The Birds of March

With plenty of snow covering the ground, you may say it’s too early to be thinking about nesting birds. Every time we drive down Hillside Road to the west we are invariably seeing a few of perhaps the earliest small songbirds to nest in Door County, the Horned Larks. Hardly a winter goes by without seeing several on our Christmas Bird Counts.

As long as they can find open areas in the fields, along with the shoulders of roads scraped clean by the snowplows, thereby exposing plenty of nutritious weed seeds, especially those of the Ragweed, the Horned Larks will do very well. My guess is that these birds may be the third or fourth earliest nesting birds in the region, the first being the Great Horned Owls that are already incubating eggs, plus Ravens and Crows.

As spring approaches you can expect to see small flocks of Snow Buntings and Lapland Longspurs, often in mixed groups, passing through the county on their way to their northern breeding grounds. A good field mark to look for, when the birds are in flight, are the black tails of the Lapland Longspurs. The predominantly black and white birds (more white than black) are the Snow Buntings.

It rarely fails to occur that someone will soon be reporting the “first” Robin of the spring. Invariably it turns out to be one that spent the entire winter here. As long as they can find enough wild berries they’ll survive the cold and snow very nicely. One of their favorite “emergency” foods is the fruit of the Highbush Cranberry shrubs.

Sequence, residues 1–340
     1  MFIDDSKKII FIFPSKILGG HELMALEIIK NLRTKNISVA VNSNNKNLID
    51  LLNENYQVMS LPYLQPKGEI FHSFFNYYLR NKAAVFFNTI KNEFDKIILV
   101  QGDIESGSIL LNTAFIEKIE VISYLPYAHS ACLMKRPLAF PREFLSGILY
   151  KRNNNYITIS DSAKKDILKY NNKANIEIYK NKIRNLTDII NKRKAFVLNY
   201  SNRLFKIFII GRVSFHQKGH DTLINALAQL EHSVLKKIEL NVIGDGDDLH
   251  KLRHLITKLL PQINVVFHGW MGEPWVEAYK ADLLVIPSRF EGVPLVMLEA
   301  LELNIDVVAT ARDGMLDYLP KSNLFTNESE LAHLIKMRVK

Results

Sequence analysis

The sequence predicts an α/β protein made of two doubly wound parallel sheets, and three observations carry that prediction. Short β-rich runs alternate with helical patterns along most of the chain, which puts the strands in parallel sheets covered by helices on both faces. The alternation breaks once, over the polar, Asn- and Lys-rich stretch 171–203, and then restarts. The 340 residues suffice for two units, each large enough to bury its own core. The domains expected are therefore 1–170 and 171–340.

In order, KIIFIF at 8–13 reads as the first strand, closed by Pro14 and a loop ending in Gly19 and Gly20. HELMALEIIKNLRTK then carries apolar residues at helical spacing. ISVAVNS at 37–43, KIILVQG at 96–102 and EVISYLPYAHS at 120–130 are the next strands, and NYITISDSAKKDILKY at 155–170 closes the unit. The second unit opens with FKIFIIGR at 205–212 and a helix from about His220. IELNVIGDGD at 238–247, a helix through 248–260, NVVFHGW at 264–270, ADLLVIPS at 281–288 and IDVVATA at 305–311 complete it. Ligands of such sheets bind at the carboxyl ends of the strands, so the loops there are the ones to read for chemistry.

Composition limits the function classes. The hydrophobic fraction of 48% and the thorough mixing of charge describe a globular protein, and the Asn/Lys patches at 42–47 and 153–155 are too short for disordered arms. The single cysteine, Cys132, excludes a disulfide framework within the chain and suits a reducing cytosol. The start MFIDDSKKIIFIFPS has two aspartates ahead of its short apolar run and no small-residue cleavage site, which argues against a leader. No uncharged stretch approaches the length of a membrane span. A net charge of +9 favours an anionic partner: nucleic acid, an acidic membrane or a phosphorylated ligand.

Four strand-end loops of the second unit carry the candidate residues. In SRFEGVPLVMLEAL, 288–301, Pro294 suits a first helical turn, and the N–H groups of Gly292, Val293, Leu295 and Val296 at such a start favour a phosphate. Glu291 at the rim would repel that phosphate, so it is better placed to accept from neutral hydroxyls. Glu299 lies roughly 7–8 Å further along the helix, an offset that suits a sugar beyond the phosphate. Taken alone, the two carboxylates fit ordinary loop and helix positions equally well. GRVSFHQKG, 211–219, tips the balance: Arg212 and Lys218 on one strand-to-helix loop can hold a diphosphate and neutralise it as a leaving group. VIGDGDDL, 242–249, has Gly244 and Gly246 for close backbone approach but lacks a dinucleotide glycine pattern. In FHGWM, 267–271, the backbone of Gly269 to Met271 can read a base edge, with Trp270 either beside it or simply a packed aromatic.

Eastern Bluebirds like to perch on wires because they are always looking for their food on the ground.

Study your lists of early bird arrivals in past years and I predict that, included will be the Eastern Bluebird, Robin, Red-winged Blackbird, Eastern Meadowlark and the Common Grackle. Bear in mind that all of these species are capable of withstanding our winters so long as they can find food. However, it’s quite uncommon for them to do so.

A good suggestion is for you to do some reviewing of the birds which will be seen during the next few months, either arriving to eventually nest, or simply passing through on their way to northern breeding grounds.

Now is a good time to cruise some country roads and scan the adjacent open fields for Rough-legged Hawks. Since there are no perching sites in the open expanses of fields for these raptors to use in searching for prey, they simply hover in one place high above the fields, like treading water, in order to locate their next meal.

An interesting feature of these large hawks is their small feet, ideal for catching tiny victims such as field mice. Ordinarily a large hawk like this would more likely have corresponding large feet.

How I cherish an experience that happened during the late 1950s on a mid-April morning near Plainfield, Wis. I was crouched in a blind studying and taking notes on some Prairie Chickens, a part of the great ongoing Hamerstrom Study. The sun was just showing itself on the horizon, the air frosty cold, and there wasn’t a cloud in the sky.

Out of nowhere a Horned Lark flew in and landed on a clod of ground within six feet of my blind. Here, faced toward the rising sun, this little creature let loose with an indescribably beautiful aria, an early dawn concert that lasted for about 10 minutes.